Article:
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MORTON, Nathaniel (1613-1685). New Englands Memoriall: or, A Brief Relation of the most Remarkable Passages of the Providence of God, manifested to the Planters of New-England in America; With special Reference to the first Colony thereof, Called New-Plimouth. Cambridge [Mass.]: Printed by S. G[reen]. and M. J[ohnson]. for John Usher of Boston, 1669.
MORTON, Nathaniel (1613-1685). New Englands Memoriall: or, A Brief Relation of the most Remarkable Passages of the Providence of God, manifested to the Planters of New-England in America; With special Reference to the first Colony thereof, Called New-Plimouth. Cambridge [Mass.]: Printed by S. G[reen]. and M. J[ohnson]. for John Usher of Boston, 1669.

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MORTON, Nathaniel (1613-1685). New Englands Memoriall: or, A Brief Relation of the most Remarkable Passages of the Providence of God, manifested to the Planters of New-England in America; With special Reference to the first Colony thereof, Called New-Plimouth. Cambridge [Mass.]: Printed by S. G[reen]. and M. J[ohnson]. for John Usher of Boston, 1669.

Small 4o (167 x 138 mm). Title within printed double-rule border, printer's ornaments. (Lower corner of Bb4 renewed, some occasional light browning, slightly heavier in gatherings E and F.) 20th-century red morocco. Provenance: James McClellan (early signature on title); Frank C. Deering (morocco bookplate).

"ONE OF THE GREAT BOOKS OF NEW ENGLAND HISTORY" (Vail)

FIRST EDITION. Morton's extensive compilation, which the title proclaims was "published for the use and benefit of present and future generations," remains an outstanding primary source for the earliest decades of the fragile Massachusetts Bay colony, and is the authority for the list of signers of the Mayflower Compact. Moreover, "Morton's work is the first strictly historical work printed in America; and is one of the earliest printed books recording the origin of Plymouth colony. The voyage of the Mayflower and the landing and first settlement of the Pilgrims are given in detail. Morton found his main sources in the extensive historical manuscripts left by his uncle William Bradford" (Streeter). The work is based on the manuscript of his uncle; on the journal of Edward Winslow, and on his own personal experience as secretary of the colony.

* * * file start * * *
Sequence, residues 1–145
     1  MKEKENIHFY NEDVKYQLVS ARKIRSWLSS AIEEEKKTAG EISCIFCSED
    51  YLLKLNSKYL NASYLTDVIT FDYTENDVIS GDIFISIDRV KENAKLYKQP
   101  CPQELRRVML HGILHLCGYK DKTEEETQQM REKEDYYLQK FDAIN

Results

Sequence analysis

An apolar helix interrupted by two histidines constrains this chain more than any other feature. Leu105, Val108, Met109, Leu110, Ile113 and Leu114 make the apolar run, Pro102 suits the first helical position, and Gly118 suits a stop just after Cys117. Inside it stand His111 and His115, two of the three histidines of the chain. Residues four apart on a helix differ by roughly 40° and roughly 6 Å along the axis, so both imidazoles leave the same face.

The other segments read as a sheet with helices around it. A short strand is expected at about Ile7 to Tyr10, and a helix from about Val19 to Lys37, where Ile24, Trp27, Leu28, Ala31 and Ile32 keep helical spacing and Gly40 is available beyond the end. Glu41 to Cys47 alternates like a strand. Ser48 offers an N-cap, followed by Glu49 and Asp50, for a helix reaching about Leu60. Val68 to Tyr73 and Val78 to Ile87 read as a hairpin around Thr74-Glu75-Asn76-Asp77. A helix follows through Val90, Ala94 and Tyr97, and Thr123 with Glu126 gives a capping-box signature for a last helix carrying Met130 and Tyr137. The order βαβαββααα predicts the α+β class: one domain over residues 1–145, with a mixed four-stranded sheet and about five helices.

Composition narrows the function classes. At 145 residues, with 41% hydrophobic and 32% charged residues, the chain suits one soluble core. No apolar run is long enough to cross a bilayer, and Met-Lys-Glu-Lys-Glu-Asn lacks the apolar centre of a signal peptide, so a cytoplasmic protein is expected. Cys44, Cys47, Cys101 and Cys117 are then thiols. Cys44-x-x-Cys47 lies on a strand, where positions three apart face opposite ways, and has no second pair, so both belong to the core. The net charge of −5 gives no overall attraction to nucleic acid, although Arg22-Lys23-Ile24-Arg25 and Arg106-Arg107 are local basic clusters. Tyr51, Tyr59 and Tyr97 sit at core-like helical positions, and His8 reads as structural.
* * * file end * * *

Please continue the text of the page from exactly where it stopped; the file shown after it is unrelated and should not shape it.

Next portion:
Morton had arrived on the Anne in 1623 and was reared by Governor Bradford after his own father died. "He was educated at Plymouth by Bradford, Brewster, Standish, and Fuller, and well educated, for about 1634 he became his uncle's clerk... In the Pilgrim church, he also served for many years as secretary and compiler of records... Certainly, he was one of the most important men at Plymouth from about 1640 until his death in 1685" (DAB). Church 606; Evans 144; Howes M-851 ("dd", "first original work not religious in character issued from the press at Cambridge"); JCB III, p.188; Sabin 51012; Streeter sale II:631; Wing M-2827.

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